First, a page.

And one of many from former Sunday People colleague Phil Smith, perhaps from his days on the Mirror, after Manchester United had lost a European clash in Spain: Ee-ay-adios!
Another of Smithy’s was over a picture of lanky American boxer ‘Hairpin’ Jones, stretched out after being flattened by some British fighter: The straightening of ‘Hairpin’ Jones
I could be here all night…!
Thatcher in live sex show
By Liz Hodgkinson
Carol Thatcher is rarely out of the news these days, but she may shudder to remember the incident that first put her on the front page.
It was September 1984. The country was embroiled in the miners’ strike and Carol and myself were living it up in Thailand on a press trip organised by Kuoni, the upmarket long-haul travel company.
At the time, Carol, aged 31, was on the Daily Telegraph and I was working for the Mail on Sunday YOU magazine. There were about ten other journalists on the trip.
At first Carol was wary and kept herself to herself but soon she and I were having long heart-to-hearts in hotel bars about her delicate position in the world, especially as a national newspaper journalist.
She admitted there were downsides to being the daughter of the first female prime minister in the Western world, but agreed that, in the main, she was hugely privileged and very lucky. As she relaxed, she began to join in the fun of the trip. A bit too enthusiastically, as it turned out.
One night, our organisers suggested that we should all go to a live sex show at a night club in Bangkok. Well, it made a change from powerpoint presentations and being shown round hotels, so we readily agreed. We were on our honour not to write about it, as it was ‘secret’, a special concession, and most emphatically not part of the advertised itinerary. Kuoni had their good name to preserve.
There was a small stage in the middle of the floor on which a group of young and completely naked men and women were having full sex with each other, pounding away in time to heavy beat music.
None of us had seen anything like it before and we were mesmerised. Then, suddenly, Carol got up on the stage and began dancing around the naked couples, gyrating to the music although she did keep most of her clothes on. ‘Come off the stage, Carol,’ we implored. ‘You’re not supposed to be part of the act.’
But Carol was enjoying herself too much and carried on dancing among the writhing couples. Eventually, we managed to pull her off the stage and back to the hotel.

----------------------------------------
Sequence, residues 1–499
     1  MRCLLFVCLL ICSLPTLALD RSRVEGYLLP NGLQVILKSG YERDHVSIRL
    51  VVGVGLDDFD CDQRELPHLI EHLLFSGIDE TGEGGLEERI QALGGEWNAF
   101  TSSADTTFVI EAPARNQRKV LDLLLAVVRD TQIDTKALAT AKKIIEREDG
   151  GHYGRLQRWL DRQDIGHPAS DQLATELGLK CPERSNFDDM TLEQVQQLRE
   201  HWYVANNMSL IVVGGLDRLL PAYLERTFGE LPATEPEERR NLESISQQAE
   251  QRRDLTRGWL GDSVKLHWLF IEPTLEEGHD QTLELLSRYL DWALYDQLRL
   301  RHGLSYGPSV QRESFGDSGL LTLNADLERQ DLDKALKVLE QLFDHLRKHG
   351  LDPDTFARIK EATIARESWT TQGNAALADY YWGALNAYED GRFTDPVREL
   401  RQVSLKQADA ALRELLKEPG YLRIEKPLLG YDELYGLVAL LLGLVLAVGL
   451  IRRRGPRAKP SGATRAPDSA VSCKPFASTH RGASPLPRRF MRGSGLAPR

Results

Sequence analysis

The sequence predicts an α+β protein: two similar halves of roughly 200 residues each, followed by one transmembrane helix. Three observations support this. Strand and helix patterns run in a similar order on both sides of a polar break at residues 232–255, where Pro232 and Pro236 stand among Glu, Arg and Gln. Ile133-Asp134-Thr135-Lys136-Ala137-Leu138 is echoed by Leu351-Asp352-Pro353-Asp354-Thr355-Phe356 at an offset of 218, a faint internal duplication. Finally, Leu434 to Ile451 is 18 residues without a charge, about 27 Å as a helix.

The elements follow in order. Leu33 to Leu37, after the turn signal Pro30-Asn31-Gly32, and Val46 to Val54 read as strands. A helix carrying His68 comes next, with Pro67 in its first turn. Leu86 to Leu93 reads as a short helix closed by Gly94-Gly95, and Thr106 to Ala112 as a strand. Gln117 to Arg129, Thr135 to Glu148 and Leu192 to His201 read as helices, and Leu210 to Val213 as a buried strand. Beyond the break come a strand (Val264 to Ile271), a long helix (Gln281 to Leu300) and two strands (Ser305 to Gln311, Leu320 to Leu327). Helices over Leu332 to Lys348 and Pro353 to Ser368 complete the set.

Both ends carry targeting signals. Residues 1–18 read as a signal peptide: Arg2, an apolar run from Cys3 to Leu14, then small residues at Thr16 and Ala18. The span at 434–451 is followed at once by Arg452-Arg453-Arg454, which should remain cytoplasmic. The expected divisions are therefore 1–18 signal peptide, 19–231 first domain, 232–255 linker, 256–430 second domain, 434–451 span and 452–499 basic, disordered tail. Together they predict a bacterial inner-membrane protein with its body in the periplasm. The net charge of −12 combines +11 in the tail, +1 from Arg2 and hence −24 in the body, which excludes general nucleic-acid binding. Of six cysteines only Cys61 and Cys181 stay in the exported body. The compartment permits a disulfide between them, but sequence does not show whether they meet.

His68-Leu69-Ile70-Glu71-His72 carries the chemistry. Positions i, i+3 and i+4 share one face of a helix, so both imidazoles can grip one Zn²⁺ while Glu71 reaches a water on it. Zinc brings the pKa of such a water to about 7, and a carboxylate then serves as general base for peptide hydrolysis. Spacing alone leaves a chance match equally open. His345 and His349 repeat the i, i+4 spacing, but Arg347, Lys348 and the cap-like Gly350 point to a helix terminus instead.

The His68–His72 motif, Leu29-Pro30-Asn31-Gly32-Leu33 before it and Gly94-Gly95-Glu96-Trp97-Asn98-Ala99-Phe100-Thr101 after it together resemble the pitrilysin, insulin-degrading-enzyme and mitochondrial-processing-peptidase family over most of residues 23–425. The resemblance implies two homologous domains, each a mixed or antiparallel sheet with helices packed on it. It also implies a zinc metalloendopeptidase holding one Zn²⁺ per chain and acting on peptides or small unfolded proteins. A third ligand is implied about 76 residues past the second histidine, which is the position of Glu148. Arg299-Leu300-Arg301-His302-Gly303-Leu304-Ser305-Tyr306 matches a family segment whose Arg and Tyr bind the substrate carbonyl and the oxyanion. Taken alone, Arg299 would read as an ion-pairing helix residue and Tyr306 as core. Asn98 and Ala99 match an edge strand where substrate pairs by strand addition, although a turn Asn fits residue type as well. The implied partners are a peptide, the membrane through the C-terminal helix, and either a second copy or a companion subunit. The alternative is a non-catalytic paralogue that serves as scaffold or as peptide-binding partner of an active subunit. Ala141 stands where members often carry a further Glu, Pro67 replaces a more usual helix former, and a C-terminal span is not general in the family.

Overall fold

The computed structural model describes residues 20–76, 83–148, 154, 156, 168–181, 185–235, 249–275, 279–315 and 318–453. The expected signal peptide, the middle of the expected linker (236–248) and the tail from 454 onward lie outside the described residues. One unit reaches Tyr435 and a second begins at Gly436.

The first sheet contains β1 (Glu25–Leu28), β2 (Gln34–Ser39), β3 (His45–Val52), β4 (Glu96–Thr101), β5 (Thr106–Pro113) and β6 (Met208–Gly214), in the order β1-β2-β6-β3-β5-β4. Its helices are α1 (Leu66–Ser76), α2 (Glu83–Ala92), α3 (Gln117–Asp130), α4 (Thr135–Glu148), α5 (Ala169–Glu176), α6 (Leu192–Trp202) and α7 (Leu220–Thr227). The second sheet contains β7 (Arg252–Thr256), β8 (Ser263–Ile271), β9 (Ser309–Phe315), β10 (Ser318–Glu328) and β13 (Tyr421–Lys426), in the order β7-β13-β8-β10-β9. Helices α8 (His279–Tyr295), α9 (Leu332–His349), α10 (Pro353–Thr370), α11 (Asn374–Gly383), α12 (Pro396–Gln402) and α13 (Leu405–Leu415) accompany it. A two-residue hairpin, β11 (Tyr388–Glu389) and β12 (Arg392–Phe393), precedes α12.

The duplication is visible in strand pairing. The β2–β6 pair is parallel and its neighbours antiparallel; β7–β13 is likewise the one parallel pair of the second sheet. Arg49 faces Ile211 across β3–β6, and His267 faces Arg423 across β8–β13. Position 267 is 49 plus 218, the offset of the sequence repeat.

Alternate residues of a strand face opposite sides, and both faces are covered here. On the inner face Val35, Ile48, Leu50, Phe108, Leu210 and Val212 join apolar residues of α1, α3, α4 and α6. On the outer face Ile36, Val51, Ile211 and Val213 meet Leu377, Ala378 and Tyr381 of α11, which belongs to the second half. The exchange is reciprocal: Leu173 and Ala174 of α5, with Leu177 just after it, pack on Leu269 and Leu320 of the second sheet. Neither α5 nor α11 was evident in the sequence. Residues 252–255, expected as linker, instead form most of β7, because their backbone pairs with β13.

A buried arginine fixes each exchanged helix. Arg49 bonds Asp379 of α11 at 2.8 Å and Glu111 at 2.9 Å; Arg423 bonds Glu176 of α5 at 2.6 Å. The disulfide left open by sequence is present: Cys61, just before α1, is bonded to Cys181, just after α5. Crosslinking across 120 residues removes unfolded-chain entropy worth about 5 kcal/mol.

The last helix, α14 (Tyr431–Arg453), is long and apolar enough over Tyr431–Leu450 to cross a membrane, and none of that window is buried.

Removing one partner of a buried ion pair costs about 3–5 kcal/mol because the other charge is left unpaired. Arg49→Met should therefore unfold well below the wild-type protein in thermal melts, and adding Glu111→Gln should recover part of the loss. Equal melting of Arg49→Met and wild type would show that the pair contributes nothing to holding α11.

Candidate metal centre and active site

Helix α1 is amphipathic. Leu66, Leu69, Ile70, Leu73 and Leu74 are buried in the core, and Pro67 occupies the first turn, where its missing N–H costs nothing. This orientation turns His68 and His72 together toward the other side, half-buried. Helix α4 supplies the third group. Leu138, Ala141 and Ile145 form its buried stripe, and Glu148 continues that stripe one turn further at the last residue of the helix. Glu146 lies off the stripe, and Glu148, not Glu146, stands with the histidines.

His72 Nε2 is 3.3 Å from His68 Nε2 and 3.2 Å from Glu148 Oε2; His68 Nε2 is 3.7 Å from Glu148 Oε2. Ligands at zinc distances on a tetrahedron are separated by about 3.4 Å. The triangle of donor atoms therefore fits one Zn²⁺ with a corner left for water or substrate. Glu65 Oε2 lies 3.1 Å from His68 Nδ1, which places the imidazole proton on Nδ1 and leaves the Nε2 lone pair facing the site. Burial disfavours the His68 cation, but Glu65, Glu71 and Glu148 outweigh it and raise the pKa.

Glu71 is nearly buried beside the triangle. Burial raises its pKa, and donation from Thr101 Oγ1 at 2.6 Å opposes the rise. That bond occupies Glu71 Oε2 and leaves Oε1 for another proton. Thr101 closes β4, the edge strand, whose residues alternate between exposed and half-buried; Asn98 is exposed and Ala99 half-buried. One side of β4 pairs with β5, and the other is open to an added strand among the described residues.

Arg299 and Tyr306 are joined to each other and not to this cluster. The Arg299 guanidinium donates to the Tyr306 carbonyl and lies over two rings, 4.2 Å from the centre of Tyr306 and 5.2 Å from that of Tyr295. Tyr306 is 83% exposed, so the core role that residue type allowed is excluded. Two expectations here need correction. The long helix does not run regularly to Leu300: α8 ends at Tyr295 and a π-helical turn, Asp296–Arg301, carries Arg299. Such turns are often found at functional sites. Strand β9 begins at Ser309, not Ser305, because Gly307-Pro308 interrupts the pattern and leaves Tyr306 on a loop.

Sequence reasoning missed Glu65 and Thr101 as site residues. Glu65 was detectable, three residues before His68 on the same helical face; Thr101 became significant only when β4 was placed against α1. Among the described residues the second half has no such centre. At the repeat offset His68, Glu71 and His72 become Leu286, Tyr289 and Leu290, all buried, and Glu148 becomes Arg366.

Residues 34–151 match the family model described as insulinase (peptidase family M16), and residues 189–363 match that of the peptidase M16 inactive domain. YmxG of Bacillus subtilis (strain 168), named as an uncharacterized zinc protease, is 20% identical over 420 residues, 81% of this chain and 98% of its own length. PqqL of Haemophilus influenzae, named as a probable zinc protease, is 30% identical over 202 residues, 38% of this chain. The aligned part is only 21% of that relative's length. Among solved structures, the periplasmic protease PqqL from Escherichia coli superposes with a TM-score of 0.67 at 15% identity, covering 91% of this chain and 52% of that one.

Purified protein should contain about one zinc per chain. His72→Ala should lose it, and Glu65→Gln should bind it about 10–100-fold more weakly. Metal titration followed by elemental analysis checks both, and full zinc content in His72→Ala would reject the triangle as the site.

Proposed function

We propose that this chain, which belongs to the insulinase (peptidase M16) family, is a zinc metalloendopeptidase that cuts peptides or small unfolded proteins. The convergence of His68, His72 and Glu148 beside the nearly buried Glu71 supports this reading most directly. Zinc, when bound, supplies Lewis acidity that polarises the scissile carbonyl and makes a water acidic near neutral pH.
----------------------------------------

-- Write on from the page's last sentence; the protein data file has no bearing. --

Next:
By the time we returned, all hell had let loose. The Sun, Daily Mirror and all the other papers had somehow already heard that Carol Thatcher, the prime minister’s daughter, had taken part in a live sex show in Bangkok, and reporters were ringing each of us in turn, including Carol, for more juicy titbits to add to the story.
It didn’t help that this was the time of the Tory party’s Victorian values, and of course the story was too good to miss. None of said a single word to the papers, but even so, we were caught up in the unsettling phenomenon of the press hounding the press.
The upshot was that a version of the story was in every single newspaper the next day.
Kuoni were predictably furious. They threatened to cancel the rest of the trip and abandon us there and then. But then they realised, probably, this would make an even better story (‘Journalists abandoned in Bangkok by leading travel company’) and they calmed down. But the trip never recovered from this betrayal and although Carol was desperately ashamed of the consequences of her exuberant prank, it was far worse knowing that one of our own party must have tipped off the newspapers.
There was. sadly, on this occasion, no honour among thieves. We never discovered which of us was responsible, but Carol soon recovered her high spirits, put the incident behind her, and went on to become something of a celebrity in her own right.
By Tom Brown
The intriguing story (see August) of the secret mission to Australia to buy a newspaper for Robert Maxwell reminded me of my own clandestine operation to hide away potential bingo winners – and the mystery of the million-pound cheque …
When Maxwell launched his million-pound bingo, two Scottish winners emerged and were put on stand-by to go to London for the great draw, in which they would win either £25,000 or £1 million.
But the weeks dragged by and, while Maxwell milked the running story in the Mirror and the Daily Record and Sunday Mail, there was concern about when the winners – a single mum in her 20s from back-of-beyond Carstairs in deepest, darkest Lanarkshire and the rather more genteel wife of a young lawyer in Glasgow – would get their money.
When the lady in Lanarkshire ran up a sizeable tab in the local social club buying celebration drinks for her friends, family and neighbours, questions began to be asked. It was decided that until Black Bob showed the colour of his money, they would have to be kept out of reach of prying rival papers.